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shirley johnSaugeen First Nation Elder Shirley John November 20 on the shores of the Sauble River.

Hub Staff

While Saugeen First Nation Elder Shirley John doesn’t call herself a water protector per se, she said it’s part of what she does. “I pray for the water all the time, every day,” she said. “I guess it’s part of protecting the water in some sense, I’m about praying for the water.”

We met up with Shirley last November at Sauble Falls. She introduced herself as Strong White Buffalo Woman. “The other name I walk with, She Who Sees Vision of Wisdom,” she said. “I’m Ojibway Mohawk from Saugeen First Nation, my clan is the Loon Clan, my helper is the Turtle and I have the spirit of the Grizzly Bear. I give thanks today for coming here to do the water talk and to discuss the water as it is.”

Not a day goes by where Shirley doesn’t go to water somewhere, whether it be on the shores of Lake Huron, or during a trip into Saugeen Shores or Owen Sound. “I will offer my tobacco, pray for that water, for all nations,” she said, adding that what she does is inclusive. “We invite everyone into that circle because we’re already in the circle so when I pray it’s for everyone, it’s not only for my people,” she said.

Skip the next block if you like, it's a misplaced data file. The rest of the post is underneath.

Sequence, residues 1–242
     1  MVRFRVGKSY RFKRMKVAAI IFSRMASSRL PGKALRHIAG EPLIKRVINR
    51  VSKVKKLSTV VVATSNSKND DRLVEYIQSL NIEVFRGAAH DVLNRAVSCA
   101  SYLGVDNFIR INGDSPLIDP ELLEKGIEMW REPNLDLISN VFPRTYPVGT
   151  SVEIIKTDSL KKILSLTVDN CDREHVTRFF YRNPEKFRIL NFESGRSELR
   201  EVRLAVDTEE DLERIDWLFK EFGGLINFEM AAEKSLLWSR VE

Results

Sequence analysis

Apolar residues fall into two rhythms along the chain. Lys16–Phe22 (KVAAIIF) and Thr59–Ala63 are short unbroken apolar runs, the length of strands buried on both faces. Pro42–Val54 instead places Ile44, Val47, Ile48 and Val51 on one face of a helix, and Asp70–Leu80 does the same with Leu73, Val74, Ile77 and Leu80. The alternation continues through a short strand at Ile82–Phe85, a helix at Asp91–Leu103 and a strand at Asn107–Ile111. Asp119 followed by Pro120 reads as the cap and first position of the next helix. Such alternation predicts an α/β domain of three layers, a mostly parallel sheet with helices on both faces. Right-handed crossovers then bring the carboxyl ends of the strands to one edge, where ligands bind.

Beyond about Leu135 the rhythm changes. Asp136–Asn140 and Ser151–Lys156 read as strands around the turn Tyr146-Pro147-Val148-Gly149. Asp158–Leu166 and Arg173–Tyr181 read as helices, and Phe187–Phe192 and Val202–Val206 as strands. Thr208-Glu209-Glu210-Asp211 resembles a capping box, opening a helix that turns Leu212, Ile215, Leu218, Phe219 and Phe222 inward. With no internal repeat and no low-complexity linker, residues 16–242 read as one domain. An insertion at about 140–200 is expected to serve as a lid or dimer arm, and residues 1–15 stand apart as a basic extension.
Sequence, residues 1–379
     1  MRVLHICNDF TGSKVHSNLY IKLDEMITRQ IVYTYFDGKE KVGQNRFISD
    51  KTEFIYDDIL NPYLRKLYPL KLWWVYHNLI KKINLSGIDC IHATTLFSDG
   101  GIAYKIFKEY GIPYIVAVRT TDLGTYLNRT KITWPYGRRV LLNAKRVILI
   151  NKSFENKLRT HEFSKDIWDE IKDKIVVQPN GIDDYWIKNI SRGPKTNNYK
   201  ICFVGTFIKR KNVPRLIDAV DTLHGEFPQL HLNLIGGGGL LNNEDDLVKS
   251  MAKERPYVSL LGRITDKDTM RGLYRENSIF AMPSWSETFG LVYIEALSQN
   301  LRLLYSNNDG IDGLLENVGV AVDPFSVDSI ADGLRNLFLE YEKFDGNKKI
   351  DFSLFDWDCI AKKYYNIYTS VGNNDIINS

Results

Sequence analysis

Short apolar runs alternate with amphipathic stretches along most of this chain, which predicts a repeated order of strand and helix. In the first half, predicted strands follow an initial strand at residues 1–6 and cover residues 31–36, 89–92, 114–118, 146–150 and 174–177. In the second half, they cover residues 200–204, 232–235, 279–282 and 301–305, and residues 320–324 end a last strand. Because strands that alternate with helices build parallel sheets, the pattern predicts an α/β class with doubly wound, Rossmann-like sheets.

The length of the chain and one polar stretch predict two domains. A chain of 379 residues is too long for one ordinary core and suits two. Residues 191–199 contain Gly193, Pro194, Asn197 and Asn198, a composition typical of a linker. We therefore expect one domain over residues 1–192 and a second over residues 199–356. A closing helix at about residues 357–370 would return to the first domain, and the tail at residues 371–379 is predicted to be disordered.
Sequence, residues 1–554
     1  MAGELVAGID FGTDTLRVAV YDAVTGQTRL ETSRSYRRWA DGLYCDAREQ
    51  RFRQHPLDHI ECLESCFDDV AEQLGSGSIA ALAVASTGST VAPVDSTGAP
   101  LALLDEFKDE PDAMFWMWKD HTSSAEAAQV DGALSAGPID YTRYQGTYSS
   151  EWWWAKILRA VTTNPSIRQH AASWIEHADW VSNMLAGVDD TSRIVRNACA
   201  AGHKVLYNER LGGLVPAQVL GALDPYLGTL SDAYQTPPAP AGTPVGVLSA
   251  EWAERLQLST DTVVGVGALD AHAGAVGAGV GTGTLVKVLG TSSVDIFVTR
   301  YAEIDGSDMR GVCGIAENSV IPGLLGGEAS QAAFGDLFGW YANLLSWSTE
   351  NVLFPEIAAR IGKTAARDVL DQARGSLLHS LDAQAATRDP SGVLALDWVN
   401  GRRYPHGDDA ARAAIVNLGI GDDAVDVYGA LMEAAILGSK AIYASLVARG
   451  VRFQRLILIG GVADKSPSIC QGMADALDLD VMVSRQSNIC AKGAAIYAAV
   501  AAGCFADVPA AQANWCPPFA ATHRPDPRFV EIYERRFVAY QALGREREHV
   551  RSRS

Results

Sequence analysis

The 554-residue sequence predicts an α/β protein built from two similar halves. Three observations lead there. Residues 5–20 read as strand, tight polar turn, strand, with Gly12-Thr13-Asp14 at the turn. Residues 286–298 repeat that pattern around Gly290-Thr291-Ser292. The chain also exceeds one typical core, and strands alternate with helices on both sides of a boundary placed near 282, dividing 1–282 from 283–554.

“Because this water travels,” Shirley added, gesturing to the Sauble River as it made its way to Lake Huron. “This is flowing really fast and it’s going to meet other bodies of water along the way. Rivers, streams, any little bit of water that’s trickling, as long as it’s moving... you put your tobacco down and ask for those prayers that we have good water for the next generation to come and also for those little ones that are not here yet.”

Like the water, Shirley too has travelled great distances. “From Newfoundland to BC and all those places in between. I’ve gone to England, I’ve gone to Hawaii, I’ve gone to the United States,” she said. “Many places I’ve been doing this, praying for the water, I’ll take my little sacred bundles with me, leave it there,” she said.

Shirley took part in a Saugeen Ojibway Nation Water Walk last summer. When we met in November she had with her a sweater mapping the route the walkers had taken.